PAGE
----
Studying to become one came with a great deal of optimism and hope. He sat in a lecture theatre and would dream about how he could fix the world through his teaching. Not only could he educate the young on a specialized subject but he’d be able to offer them good life-instructions too, something that modern education lacked.
Children need good role models in order to learn and become decent adults. He felt he had the right traits to lead them down the proper path. It’d turn them into quality young men and women, ensuring a better humanity for the future.
He graduated with distinction and was given his first placement right away… but teaching wasn’t anything like what he expected it to be.
He was handed a classroom and a bunch of kids and told to teach them. He’d been thrown into the deep end and was expected swim or sink. It was chaos and nobody appeared to care that he was drowning.
He asked for help but no assistance was forthcoming. Everyone else was too busy managing their own kinds of chaos to afford him the time.
Six weeks into the school year, he left.
The dreams of a university student were shattered. Few teachers last the distance for the very same reasons. It’s tough being an educator.
Some say he left because of something else. There was a certain girl in class who’d shown him an unusual amount of attention.
Tracey had quite a crush on her new teacher. He wasn’t that much older than her and was quite charming whenever he spoke. Her girlfriends said nothing ever happened between them but the faculty wasn’t so sure.
It was convenient he left when he did.
That’s when he found God.
He turned to mentoring teens at a local youth shelter. It didn’t pay much but it gave him a much better taste of the kind of teaching he felt he was born to do. Without a major bureaucracy dictating educational outcomes to him, he could move at his own pace, listening and guiding young adults through their difficult years with calm and compassion.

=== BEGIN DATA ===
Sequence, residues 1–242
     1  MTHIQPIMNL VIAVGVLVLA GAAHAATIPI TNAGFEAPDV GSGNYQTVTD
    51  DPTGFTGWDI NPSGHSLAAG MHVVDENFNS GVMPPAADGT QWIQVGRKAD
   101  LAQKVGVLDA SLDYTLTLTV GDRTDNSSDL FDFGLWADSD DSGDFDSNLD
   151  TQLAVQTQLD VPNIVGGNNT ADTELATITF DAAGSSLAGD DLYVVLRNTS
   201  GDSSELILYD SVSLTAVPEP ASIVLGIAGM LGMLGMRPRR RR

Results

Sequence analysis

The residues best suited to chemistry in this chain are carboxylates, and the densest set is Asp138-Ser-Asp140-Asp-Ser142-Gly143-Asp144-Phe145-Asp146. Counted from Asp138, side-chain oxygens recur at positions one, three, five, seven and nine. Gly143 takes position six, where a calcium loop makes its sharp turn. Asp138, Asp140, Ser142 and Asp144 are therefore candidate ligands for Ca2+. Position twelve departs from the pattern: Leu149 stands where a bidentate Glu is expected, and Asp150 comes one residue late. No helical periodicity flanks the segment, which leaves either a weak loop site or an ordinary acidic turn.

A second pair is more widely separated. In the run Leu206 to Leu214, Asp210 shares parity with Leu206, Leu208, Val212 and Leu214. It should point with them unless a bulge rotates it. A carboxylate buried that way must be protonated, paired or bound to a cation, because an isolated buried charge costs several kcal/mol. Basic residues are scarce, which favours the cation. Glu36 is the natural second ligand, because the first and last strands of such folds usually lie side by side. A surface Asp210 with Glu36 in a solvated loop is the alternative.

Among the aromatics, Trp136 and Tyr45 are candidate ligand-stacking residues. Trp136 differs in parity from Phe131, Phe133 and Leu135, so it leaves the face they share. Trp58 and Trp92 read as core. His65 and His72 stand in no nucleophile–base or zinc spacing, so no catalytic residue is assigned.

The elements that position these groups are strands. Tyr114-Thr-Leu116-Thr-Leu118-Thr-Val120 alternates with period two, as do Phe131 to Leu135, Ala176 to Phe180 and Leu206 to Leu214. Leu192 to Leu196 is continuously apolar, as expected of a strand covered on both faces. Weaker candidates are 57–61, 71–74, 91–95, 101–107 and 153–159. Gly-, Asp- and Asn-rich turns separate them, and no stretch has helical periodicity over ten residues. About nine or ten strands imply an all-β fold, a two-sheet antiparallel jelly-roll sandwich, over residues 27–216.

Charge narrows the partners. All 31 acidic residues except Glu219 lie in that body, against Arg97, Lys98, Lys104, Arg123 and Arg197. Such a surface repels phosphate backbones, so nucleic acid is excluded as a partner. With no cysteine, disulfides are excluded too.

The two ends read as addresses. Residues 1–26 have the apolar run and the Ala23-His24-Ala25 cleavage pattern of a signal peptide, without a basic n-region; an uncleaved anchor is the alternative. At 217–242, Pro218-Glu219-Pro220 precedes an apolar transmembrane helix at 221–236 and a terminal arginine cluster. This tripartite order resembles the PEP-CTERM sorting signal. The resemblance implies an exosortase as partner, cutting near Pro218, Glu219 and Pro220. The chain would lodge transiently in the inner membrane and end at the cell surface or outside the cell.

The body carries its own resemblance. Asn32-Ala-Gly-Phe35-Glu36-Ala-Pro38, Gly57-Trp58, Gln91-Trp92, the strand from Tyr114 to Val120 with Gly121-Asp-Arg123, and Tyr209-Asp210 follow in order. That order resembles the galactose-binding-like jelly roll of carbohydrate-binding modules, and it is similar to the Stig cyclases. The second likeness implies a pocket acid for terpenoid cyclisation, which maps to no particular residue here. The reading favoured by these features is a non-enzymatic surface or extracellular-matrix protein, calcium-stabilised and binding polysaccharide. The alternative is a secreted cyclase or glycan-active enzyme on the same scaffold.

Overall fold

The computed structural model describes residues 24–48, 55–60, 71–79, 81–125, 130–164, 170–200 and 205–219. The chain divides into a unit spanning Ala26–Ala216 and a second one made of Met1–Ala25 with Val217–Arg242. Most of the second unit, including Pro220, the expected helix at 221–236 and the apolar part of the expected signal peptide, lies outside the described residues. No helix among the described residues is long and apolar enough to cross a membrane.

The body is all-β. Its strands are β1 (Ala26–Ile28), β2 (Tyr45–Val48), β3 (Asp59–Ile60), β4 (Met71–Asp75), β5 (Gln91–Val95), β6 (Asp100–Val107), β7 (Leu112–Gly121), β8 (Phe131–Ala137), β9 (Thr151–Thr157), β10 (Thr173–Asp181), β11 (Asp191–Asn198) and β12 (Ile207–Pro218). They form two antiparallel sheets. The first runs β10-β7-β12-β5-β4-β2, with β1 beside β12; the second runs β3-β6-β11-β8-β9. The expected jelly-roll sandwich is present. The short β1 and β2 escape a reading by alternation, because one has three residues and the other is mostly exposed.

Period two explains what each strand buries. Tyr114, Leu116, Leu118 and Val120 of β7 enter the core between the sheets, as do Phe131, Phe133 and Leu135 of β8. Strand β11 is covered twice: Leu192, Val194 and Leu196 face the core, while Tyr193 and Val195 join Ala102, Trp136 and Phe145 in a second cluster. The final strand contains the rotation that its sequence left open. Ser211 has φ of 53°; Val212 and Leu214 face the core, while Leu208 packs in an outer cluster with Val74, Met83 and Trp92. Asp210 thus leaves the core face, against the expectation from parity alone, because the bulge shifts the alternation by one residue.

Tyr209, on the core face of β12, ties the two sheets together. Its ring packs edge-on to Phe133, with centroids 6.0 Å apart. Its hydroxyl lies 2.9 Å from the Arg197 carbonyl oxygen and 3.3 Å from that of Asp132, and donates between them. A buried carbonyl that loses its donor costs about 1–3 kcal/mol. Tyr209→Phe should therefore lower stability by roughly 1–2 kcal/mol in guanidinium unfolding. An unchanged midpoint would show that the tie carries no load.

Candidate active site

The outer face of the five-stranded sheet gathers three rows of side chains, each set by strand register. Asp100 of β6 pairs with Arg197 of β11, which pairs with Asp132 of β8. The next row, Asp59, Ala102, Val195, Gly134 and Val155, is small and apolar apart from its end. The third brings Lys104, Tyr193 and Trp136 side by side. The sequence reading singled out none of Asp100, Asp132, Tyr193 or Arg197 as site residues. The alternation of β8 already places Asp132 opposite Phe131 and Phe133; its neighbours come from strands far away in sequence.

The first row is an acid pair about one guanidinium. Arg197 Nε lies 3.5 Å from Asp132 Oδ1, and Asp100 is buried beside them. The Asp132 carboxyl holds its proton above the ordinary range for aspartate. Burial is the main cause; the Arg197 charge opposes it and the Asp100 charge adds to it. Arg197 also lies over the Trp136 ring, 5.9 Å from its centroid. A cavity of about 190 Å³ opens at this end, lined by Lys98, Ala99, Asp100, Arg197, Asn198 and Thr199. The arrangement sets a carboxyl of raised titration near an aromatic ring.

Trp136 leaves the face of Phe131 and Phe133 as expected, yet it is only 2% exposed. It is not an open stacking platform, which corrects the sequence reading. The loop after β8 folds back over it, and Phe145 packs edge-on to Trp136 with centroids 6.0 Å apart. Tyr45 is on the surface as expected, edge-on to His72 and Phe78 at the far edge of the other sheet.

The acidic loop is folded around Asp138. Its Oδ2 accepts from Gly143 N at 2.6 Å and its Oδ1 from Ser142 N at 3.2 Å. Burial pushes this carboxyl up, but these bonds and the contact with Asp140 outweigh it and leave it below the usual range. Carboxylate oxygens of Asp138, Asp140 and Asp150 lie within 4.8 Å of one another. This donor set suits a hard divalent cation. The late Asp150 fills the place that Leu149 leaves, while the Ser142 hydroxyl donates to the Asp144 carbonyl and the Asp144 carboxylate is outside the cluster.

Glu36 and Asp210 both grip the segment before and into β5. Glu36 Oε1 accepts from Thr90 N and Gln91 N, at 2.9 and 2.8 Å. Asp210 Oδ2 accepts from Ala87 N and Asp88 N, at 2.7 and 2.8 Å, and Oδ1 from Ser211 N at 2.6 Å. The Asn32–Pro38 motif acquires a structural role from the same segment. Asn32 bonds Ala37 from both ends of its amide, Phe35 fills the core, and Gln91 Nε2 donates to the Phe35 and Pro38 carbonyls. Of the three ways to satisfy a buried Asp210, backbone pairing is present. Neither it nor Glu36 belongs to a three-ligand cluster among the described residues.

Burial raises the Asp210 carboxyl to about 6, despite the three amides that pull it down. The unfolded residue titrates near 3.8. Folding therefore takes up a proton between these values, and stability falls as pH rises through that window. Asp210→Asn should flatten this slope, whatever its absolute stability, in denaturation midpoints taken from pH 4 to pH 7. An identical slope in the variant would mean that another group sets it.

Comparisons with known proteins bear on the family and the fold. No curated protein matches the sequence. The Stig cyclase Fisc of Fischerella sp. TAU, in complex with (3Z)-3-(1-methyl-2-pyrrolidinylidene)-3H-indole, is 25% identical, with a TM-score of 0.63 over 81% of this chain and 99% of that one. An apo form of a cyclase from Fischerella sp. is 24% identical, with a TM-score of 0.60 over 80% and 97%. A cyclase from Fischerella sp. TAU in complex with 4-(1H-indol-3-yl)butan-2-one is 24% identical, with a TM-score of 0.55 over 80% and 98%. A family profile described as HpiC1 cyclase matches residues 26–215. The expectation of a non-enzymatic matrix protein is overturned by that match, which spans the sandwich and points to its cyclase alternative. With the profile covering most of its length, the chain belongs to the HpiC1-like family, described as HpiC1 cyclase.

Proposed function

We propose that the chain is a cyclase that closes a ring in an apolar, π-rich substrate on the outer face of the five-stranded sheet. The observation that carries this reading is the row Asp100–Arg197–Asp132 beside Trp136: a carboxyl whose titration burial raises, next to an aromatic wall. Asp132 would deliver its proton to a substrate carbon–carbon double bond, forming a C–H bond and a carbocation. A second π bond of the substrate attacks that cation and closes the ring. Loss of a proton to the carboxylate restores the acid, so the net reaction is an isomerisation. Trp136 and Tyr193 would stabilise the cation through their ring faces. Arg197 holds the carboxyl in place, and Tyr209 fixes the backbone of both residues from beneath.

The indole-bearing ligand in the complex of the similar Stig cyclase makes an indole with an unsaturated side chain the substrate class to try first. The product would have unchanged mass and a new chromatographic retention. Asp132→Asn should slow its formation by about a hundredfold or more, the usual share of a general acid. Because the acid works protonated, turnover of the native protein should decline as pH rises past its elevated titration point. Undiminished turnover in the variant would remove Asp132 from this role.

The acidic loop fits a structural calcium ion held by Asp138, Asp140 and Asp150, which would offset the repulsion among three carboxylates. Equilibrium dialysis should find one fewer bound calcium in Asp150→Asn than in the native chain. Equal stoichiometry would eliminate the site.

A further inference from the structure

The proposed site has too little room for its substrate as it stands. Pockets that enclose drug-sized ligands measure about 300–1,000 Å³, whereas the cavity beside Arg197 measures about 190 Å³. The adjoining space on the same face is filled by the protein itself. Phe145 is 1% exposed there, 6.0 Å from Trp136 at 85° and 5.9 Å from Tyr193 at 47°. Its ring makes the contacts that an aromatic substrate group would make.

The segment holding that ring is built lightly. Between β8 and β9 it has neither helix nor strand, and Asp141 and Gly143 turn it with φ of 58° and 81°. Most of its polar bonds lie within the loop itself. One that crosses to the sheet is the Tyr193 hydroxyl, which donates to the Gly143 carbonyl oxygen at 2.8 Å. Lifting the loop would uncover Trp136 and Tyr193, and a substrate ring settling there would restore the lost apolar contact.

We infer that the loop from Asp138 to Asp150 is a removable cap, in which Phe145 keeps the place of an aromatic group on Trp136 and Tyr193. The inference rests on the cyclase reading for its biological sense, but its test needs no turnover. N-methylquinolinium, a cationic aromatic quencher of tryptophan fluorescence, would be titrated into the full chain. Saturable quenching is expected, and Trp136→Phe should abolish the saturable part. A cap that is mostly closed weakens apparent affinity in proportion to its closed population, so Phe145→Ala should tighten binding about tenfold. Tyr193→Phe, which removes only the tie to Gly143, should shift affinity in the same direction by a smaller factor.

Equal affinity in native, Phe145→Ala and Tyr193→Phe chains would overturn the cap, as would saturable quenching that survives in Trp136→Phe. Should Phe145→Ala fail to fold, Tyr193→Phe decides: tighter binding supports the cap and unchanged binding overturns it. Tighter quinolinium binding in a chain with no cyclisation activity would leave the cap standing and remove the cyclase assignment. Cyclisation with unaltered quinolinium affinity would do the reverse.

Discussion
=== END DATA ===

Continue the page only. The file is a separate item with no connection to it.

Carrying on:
He studied to became a Pastor and, later, had his own church at the low end of town. He helped the elderly, the sick, those who were on the poverty line and anyone who else who asked for it.
He set up a youth ministry and ran vacation camps for the youngsters during school breaks. Tony was very determined. He believed the answer to fixing most of the community’s problems was to mentor young people and give them a solid start.
They needed to be taught good morals and ethics and how to be independent and strong so they could raise children to be the same. They had to find their inner Faith and God. He was there, they just had to trust Him.
It worked. Youth confidence grew and its grades went up. Families became more stable. Everyone in Church wore smiles on their faces, not just on Sundays!